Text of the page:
“Augustus the tiger is sad. He has lost his smile.” So he sets off in search of his smile – and discovers that the many wonders of the natural world around him can revive his spirits and bring him happiness…

Screen Shot 2015-05-08 at 12.24.38If tigers were able to sigh, you can imagine the mournful exhalation of air that would accompany our majestic hero as his story begins. And he does indeed cut a rather sad and solitary figure, with his upside-down smile.

After a ‘huge tigery stretch’ – one of those satisfying ones that cats do so well, with his arms outstretched and his back elongated in a proud yogic pose – Augustus pads off on a voyage of discovery.

His first encounter is with a small, shiny beetle, lurking under a cluster of bushes, then he spies a colourful array of exotic birds, chirping high up in the trees. He treks across the highest mountains (appearing in a moody silhouette against a magnificent sky of purply blue hues) and swims through glorious turquoise waters as a shoal of rainbow fish flit around him. He languishes in the warm sun, entertaining himself with shadow shapes and dances in the rain, watching the drops splitter splatter to the ground…

As he finally saunters up to a huge puddle, he makes a happy discovery. Guess what is looking right back at him? That elusive smile.

He may not have a spring in his step quite as sprightly as Tigger, but the cheeky curl of his tail shows that Augustus’s spirit has revived and
he has finally got his grin
– and his groove – back.

With an underlying message that happiness is there if only you know where to find it, Augustus learns that it’s the simple pleasures in life that bring the most rewards – with a flicker of a smile growing and becoming more pronounced with each step of his journey.

It also shows the importance of self-reliance.  Augustus is master of his own happiness, as he uses his resourcefulness to make his own amusement, using the natural world as an impetus.

Rayner’s artwork is stunningly executed with a light touch that gives the narrative a beautifully fluid, flowing feel, perfectly evoking the majestic elegance of the tiger – and to match his rather refined name.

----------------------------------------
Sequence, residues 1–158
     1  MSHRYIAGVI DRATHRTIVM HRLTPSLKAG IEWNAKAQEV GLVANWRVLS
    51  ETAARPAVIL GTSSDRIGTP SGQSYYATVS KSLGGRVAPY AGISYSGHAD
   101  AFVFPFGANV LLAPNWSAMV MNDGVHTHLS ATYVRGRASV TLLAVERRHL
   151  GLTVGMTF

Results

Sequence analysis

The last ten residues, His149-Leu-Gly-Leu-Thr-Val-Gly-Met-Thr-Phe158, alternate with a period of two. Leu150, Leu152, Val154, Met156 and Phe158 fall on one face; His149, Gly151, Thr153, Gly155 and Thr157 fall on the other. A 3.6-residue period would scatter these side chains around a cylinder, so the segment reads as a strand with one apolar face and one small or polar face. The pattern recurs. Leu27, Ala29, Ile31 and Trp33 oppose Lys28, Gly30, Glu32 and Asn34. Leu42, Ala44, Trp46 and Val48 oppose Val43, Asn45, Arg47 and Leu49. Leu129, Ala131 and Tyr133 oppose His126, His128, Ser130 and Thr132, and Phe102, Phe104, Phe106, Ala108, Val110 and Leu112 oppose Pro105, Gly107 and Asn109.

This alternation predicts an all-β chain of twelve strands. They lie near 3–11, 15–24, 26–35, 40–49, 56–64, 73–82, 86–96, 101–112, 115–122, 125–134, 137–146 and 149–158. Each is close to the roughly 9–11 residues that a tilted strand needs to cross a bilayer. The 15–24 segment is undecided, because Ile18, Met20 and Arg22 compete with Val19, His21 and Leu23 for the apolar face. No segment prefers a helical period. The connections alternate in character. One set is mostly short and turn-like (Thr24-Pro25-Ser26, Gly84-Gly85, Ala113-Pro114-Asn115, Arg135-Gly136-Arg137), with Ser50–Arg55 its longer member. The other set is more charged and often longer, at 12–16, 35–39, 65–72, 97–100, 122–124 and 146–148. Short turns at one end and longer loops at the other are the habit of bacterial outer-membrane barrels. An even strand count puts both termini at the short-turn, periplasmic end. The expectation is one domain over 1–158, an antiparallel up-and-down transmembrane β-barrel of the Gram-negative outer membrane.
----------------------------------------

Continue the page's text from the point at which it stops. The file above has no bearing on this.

The illustrations also show Augustus’s light, playful side as he scampers and dances more like a kitten. The many hours Catherine spent watching and sketching tigers (in freezing temperatures) at Edinburgh Zoo certainly paid off.

The perfect book for animals lovers and anyone who needs a little nudge out of the blues: by the end of this charming book, it is not only Augustus who is likely to have found his smile.

Fun fact Augustus is a Siberian tiger. Siberian tigers are the biggest cats in the world. They live in Southern Russia and Northern China where the winters are very cold. Most tigers are orange with black stripes. The stripes make them hard to see when they walk through tall weeds and grasses. Every tiger has a different pattern of stripes – like a human fingerprint.

Did you know? Tigers are in danger. There are more tigers living in zoos and nature reserves than in the wild. There are only about 3,200 tigers left in the world.

* Want to know more about tigers? * Can We Save the Tiger is a great book that teaches all about the tiger’s plight, and what we can do to help.

Author notes Award-winning author and illustrator Catherine Rayner studied Illustration at Edinburgh College of Art. She fell in love with the city and still lives there with her husband and young son. Catherine finds huge artistic inspiration in her pets and often uses them as models.

Catherine won the 2009 CILIP Kate Greenaway Medal for Harris Finds His Feet, and has been shortlisted four times for the award. She was also awarded the Best New Illustrator Award at the Booktrust Early Years Awards in 2006 and was named one of Booktrust’s ten Best New Illustrators in 2008. In 2010, she was the inaugural illustrator in residence at the Edinburgh International Book Festival. Her book Iris and Isaac won the UK Literacy Association Book Award in 2012.